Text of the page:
Stocks fell around the world, while bonds climbed with gold on concern the Israel-Hamas war will escalate into a wider conflict in the Middle East. Oil pulled back after hitting $90 a barrel.
The S&P 500 dropped over 1%, notching its worst week in a month.
The gauge breached the key 200-day moving average – a move seen by some chartists as a harbinger of more losses. Megacaps sold off, with Tesla Inc. seeing its biggest weekly slide since December.
American Express Co. tumbled more than 5% on disappointing volumes on its cards.
Regions Financial Corp. led losses in banks after warning of further declines in net interest income.
Traders continued to seek haven amid the latest geopolitical developments. Treasury yields pared weekly increases that pushed the 10-year rate to almost 5%. Gold edged closer to $2,000 an ounce.
“The ongoing situation in the Middle East has triggered a surge of volatility in the oil and stock markets, compelling investors to re-evaluate their strategies and shift their focus from riskier assets to ‘safer’ investments,” said Fawad Razaqzada, market analyst at City Index and Forex.com.
Hamas released two American citizens who had been held captive in Gaza.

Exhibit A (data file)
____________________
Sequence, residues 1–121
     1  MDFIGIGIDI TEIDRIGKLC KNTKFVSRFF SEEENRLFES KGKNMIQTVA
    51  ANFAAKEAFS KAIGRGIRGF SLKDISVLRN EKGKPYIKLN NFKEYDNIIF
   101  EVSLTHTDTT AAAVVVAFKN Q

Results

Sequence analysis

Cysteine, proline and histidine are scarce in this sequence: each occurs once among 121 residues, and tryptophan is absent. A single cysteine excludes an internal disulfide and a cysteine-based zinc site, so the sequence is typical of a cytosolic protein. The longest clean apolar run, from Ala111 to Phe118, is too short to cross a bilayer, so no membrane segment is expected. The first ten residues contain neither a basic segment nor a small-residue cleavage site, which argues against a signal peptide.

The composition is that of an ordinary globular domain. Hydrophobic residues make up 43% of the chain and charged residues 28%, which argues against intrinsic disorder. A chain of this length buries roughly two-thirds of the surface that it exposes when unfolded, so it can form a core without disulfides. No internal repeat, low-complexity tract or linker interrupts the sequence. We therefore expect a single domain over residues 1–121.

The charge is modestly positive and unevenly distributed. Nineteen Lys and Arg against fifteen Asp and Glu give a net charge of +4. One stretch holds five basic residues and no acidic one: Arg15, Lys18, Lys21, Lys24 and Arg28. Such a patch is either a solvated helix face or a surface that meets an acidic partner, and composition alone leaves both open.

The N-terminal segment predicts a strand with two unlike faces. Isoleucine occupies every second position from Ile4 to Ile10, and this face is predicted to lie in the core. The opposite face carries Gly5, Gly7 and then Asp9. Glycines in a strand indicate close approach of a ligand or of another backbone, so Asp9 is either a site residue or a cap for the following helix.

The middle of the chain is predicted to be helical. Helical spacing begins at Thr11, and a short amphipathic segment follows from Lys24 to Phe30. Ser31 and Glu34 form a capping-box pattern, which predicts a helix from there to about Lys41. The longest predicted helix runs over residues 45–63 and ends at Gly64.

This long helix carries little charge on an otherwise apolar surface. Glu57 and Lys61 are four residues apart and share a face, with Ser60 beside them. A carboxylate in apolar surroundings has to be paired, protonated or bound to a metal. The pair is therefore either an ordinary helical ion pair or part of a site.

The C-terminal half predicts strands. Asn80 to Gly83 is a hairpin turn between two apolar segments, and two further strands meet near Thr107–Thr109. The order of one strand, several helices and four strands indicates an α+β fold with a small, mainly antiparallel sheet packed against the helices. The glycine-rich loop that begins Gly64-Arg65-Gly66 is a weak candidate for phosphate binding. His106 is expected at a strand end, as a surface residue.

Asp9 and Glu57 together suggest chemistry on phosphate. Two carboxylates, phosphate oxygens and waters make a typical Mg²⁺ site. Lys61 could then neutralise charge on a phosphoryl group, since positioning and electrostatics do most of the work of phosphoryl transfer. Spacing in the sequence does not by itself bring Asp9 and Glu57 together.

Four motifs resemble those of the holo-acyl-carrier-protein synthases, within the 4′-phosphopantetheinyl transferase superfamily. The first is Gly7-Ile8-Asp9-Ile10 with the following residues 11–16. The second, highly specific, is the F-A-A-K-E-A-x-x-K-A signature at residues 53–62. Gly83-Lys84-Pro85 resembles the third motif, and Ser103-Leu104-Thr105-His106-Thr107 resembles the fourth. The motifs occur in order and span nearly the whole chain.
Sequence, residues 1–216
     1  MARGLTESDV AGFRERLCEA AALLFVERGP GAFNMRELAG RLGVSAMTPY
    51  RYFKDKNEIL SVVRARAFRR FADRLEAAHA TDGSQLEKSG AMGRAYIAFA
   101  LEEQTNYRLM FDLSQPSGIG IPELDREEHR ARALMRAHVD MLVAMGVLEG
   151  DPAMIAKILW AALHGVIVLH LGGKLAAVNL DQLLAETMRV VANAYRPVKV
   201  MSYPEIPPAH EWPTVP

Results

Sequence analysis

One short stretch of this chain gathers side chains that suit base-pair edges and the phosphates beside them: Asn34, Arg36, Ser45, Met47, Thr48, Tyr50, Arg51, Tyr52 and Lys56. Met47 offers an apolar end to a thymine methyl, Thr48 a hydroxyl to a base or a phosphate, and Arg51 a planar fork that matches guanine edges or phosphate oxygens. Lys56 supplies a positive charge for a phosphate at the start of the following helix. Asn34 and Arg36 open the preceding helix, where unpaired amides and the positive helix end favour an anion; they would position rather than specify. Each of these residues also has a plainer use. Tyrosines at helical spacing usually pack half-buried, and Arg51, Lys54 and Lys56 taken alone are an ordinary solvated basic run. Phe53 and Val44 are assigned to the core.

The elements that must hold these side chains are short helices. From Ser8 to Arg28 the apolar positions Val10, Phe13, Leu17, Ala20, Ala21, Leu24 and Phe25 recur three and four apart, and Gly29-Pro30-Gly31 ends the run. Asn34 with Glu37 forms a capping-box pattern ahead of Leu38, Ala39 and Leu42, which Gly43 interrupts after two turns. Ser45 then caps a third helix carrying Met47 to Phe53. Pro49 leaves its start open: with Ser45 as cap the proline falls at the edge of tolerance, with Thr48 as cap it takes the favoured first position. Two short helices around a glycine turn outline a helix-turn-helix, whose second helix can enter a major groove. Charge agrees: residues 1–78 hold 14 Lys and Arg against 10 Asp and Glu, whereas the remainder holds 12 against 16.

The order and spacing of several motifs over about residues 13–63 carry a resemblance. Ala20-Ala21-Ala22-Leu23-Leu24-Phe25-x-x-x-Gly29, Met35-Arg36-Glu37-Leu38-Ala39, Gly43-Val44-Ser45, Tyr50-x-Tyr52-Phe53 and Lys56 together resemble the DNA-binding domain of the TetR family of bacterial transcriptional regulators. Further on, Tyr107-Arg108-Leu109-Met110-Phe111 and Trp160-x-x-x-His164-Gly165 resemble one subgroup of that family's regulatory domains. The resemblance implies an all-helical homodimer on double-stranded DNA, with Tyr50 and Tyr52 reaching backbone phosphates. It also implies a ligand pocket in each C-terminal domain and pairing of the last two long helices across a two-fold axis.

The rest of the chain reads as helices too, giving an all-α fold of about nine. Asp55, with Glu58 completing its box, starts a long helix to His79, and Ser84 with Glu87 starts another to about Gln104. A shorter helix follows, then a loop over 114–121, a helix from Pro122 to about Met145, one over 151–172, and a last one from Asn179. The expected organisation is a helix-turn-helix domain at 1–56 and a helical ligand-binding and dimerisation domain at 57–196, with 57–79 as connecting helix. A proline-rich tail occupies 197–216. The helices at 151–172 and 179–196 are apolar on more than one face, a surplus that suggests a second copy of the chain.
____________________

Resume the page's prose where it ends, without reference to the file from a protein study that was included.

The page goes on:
Leaders from around the region are heading to Cairo for a Saturday summit on the crisis. Israel’s military said it struck Hamas targets in Gaza overnight.
Israel also responded to fire from Lebanon by hitting Hezbollah assets, and evacuated residents near the border.
The Iran-backed militant group said it fired guided missiles at several Israeli sites.
Aside from the Middle East crisis, global markets have been whipped around in recent weeks by climbing Treasury yields and growing worries about interest rates staying elevated for longer.
Federal Reserve Bank of Cleveland President Loretta Mester said the U.S. central bank is close to wrapping up its tightening campaign if the economy evolves as expected.
Traders also waded through a raft corporate earnings.
Of the 86 companies in the S&P 500 that have announced results through Friday morning, 74% beat analysts’ profit estimates, compared with 78% for the whole season a year ago, according to data compiled by Bloomberg.
Individual shares reacted to earnings announcements in the week or so since Corporate America started reporting results.
But conflict in the Middle East and elevated Treasury yields have taken precedence, causing S&P 500 constituents to increasingly move in unison as global events sway markets broadly.
In half the trading sessions since Oct. 13, when the reporting cycle kicked off, at least 400 members in the S&P 500 have moved in the same direction.
It’s a frequency that didn’t appear once in comparable weeks the past three earnings periods.
While the S&P 500’s declines this week have appeared largely orderly, the nearest futures contracts tied to the Cboe Volatility Index – also known as the VIX and a measure of expected swings in America’s benchmark equity gauge – closed Thursday in a pattern known as backwardation.
It’s a telltale sign of mounting distress, as traders anticipate more volatility in the near-term than further out in the future.